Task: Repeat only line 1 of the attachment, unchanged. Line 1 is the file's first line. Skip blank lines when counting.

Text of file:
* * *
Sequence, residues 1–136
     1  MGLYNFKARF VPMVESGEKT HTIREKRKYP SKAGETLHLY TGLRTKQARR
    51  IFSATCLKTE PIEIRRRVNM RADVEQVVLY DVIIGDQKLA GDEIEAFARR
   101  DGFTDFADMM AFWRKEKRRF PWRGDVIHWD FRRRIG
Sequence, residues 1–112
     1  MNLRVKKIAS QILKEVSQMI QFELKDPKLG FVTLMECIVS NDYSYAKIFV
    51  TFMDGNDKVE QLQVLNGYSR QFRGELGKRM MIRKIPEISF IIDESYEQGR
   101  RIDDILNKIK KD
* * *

Sequence, residues 1–136